Tennessee children's services agency comes up with a contingency plan

Tennessee children's services agency comes up with a contingency plan

As the Tennessee Children's Services Department gradually deploys TN KIDS statewide, caseworkers will communicate with regional representatives to submit and retrieve data about the children they serve.

Caseworkers will access data indirectly until year 2000-ready system is completed in the spring

Claire E. House

GCN Staff

As they await completion of a new, year 2000-ready system, many Tennessee child services caseworkers will go up to six months without direct access to Department of Children's Services databases.

But the department won't let that stop the flow of information to and from the 2,000 employees who work with at-risk children.

'We have a year 2000 contingency plan that will allow us to totally replace two noncompliant systems with a workaround for our case managers to still be able to do our business,' DCS chief information officer Cynthia Vaughn said.

Filling the gap

The new system, TN KIDS (pronounced Tenn. kids), has been running since June in one pilot region. It will gradually roll out to the department's 11 other regions and the central office, with completion by spring.

But DCS must take down the old systems in October. So it has to set up an alternate electronic and paper route in the meantime.

TN KIDS holds data in Oracle8 databases running on Sun Microsystems Enterprise 4000 servers under SunSoft Solaris. Caseworkers access the system through Children's Services' WAN via a PC interface developed in PowerBuilder from Sybase Inc.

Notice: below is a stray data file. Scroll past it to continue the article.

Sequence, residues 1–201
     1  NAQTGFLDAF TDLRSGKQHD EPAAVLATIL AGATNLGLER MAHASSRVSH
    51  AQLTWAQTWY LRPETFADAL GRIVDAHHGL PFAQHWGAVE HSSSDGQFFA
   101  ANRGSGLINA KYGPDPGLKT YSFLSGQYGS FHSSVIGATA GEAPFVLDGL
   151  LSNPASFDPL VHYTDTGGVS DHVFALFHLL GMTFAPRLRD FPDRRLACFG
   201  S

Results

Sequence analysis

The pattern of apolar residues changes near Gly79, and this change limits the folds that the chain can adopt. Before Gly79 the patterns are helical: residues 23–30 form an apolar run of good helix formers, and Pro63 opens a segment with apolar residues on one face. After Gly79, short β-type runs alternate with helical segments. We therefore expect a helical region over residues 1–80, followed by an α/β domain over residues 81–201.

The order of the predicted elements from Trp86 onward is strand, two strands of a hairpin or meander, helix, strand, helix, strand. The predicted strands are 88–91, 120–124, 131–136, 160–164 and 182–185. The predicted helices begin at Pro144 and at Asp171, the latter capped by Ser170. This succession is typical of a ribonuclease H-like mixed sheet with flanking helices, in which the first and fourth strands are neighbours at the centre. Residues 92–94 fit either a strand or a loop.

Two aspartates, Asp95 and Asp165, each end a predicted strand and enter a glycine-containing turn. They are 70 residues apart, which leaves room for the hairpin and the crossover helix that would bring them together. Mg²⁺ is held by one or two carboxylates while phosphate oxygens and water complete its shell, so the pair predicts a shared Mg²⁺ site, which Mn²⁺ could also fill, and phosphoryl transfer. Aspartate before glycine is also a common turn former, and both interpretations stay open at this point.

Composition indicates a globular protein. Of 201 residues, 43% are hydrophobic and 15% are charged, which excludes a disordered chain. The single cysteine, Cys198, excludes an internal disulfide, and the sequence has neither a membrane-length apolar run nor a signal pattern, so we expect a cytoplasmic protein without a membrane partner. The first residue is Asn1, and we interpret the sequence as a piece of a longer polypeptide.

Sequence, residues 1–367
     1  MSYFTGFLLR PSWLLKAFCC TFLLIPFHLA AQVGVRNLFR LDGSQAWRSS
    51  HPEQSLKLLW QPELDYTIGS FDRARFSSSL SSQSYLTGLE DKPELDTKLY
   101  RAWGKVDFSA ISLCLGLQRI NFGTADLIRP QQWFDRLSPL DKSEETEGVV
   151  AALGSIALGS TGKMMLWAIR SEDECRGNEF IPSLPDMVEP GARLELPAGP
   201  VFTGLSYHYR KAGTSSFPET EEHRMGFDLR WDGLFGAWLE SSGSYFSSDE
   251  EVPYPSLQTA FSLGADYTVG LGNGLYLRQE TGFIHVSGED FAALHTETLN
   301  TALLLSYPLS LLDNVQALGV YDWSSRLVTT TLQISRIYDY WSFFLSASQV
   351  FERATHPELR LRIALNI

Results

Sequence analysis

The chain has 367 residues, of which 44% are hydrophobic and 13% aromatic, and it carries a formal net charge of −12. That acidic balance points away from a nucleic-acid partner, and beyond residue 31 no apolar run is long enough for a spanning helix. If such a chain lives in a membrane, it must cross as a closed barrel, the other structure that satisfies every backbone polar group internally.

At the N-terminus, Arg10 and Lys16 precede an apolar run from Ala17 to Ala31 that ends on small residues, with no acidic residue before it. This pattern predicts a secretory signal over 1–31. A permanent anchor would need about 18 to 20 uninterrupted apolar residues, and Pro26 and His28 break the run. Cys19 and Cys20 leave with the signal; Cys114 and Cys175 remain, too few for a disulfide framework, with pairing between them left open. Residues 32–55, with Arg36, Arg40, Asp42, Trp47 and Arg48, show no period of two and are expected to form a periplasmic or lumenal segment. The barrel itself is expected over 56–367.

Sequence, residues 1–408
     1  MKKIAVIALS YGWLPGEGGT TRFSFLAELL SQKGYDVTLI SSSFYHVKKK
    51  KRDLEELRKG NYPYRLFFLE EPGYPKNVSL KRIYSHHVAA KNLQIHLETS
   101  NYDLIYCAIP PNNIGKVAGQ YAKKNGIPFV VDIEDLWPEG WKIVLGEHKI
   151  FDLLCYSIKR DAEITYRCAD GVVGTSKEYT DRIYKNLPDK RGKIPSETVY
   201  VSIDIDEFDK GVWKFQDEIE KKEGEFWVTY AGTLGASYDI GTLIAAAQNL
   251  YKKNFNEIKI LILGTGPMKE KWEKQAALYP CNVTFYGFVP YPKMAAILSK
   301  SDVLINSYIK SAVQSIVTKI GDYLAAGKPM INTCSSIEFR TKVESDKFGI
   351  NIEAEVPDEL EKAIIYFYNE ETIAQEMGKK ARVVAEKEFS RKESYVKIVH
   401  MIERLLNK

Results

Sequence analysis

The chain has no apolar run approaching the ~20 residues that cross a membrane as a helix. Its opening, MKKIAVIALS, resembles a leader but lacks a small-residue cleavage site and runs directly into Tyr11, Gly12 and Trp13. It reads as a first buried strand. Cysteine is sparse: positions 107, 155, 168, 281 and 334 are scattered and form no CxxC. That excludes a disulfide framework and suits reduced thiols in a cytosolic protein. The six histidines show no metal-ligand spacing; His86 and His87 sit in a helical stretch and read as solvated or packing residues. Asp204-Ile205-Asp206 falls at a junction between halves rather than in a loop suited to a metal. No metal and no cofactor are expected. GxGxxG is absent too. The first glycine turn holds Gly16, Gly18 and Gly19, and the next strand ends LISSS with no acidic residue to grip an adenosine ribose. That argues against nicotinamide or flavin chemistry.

By next month, the department will link a selected site in each region to TN KIDS and train several users extensively on it. Those users will be the TN KIDS point of reference for the entire region.

'These folks are not only going to have to know how to get around the system, they're going to have to know the whole system,' Vaughn said.

The department has set up WAN-accessible template files for information submission. Caseworkers will pull up data forms on their PCs, fill out information and either e-mail the forms or print and fax them to their regional representatives. The representatives will then enter the data into TN KIDS.

Caseworkers can call or e-mail information requests to their representatives, who can follow up with simple answers or printed reports.

DCS was formed three years ago as a one-stop child services agency. Caseworkers relied on data from three systems: the Client Operation and Review System, the Offender-Based State Criminal Information System and the Social Services Management System.'The department merged OBSIS with CORS and has migrated that system's data into TN KIDS. SSMS data will be available on the network for reference but will not be moved into the new system. TN KIDS will instead start from scratch holding the social services data, Vaughn said.

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